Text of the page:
A publicly owned national electricity grid is the logical solution to Australia’s energy crisis, according to University of Queensland economist Professor John Quiggin.
In his report, “Grid Renationalisation – a discussion paper”, Professor Quiggin said electricity reform in Australia has been a comprehensive failure since the creation of the National Electricity Market (NEM) in the 1990s.
“We’re past the point of tinkering; energy instability is compromising our growth and economic progress,” Professor Quiggin said.
“Tweaks to the system, such as those being considered in the Independent Review into the Future Security of the National Electricity Market, will not resolve the fundamental failings of a privatised and fragmented system subject to multiple regulators.
“The price increases of the past decades and the series of recent breakdowns reflect systemic design flaws, exacerbated by the failure to take appropriate account of the implications of climate change.
“The appropriate policy solution is a unified, publicly owned national grid encompassing the ownership of physical transmission networks in each state and interconnectors between states.
“It would be responsible for maintaining security of supply and planning the transition to a sustainable, zero emissions, electricity supply industry.”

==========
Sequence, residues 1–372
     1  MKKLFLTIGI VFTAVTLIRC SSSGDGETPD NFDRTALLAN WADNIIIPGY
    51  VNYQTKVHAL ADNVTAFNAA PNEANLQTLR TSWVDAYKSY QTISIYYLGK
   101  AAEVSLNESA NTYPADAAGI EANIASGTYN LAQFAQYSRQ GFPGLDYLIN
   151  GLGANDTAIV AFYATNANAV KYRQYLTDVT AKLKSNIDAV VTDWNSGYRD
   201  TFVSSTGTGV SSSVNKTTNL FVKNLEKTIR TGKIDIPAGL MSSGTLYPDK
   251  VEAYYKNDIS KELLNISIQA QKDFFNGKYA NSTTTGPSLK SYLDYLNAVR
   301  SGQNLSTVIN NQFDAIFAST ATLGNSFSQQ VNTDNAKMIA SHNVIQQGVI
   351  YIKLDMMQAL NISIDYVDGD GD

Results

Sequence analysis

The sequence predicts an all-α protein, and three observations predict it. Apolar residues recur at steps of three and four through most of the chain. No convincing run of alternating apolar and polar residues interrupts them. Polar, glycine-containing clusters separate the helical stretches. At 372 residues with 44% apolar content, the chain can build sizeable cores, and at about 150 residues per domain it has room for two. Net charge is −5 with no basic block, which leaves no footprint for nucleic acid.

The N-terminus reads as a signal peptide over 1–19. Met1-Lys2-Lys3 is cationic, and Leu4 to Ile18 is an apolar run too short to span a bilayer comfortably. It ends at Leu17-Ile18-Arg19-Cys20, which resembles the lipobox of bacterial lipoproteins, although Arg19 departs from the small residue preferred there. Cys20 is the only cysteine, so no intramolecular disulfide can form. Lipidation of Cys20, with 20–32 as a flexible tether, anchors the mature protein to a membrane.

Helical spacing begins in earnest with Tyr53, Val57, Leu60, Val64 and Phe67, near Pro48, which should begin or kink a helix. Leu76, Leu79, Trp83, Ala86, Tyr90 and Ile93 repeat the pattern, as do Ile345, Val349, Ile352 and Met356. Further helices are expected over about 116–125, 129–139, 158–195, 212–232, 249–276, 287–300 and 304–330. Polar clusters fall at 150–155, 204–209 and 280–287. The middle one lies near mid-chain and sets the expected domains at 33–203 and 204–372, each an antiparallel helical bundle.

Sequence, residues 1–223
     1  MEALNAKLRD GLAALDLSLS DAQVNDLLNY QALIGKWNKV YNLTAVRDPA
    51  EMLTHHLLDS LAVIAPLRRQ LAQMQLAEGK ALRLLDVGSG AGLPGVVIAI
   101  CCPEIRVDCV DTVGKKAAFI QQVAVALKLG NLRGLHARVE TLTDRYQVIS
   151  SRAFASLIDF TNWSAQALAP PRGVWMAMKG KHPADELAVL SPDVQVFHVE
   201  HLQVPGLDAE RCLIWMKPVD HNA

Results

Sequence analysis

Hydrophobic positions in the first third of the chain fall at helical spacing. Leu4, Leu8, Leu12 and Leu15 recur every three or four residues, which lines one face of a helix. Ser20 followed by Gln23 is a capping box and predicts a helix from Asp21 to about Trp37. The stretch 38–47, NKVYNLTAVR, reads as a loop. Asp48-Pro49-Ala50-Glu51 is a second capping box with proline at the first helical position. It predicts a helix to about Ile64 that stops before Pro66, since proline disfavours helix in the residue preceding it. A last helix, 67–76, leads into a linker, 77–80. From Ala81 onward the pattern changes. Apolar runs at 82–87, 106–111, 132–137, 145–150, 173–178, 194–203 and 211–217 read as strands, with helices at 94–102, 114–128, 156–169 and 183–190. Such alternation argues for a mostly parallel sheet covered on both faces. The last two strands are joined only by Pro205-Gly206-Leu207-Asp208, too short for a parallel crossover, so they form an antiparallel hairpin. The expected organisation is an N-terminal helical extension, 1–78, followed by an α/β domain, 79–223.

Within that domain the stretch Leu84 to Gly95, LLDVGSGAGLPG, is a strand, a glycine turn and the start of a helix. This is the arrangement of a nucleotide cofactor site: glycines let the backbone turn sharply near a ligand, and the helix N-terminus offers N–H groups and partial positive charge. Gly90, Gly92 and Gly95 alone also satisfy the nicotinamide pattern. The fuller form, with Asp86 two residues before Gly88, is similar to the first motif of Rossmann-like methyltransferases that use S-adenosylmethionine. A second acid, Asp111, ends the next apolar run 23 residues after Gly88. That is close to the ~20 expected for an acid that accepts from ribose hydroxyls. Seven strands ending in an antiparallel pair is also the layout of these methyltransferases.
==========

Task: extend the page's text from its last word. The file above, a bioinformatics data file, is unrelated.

Professor Quiggin said that some would describe a publicly owned national grid as “unthinkable”.
However he said it was the only coherent response to the failure of neoliberal electricity reform, just as the establishment of a publicly owned National Broadband Network was the only feasible response to the failure of telecommunications reform.
“And, in the light of the political upheavals of 2016, the idea that any political possibility should be dismissed as unthinkable appears obsolete,” Professor Quiggin said.
AITI Director Professor John Spoehr said the paper lays down a challenge to governments of all persuasions to set aside politics and pursue policy that is in Australia’s national interests.
“It is clear that the current system is unreliable and untenable,” Professor Spoehr said.
“That’s not because of renewables as has been spuriously claimed, but because the private market has failed to deliver on any front – lower prices, greater system reliability or environmental sustainability.
“As the paper states, the core aim of policy should be a genuine National Electricity Grid, driven by the goal of providing secure, affordable electricity to Australian households and businesses while reducing and ultimately eliminating emissions of carbon dioxide.
“This is a discussion we have to have, as a catalyst for genuine, nation building reform.”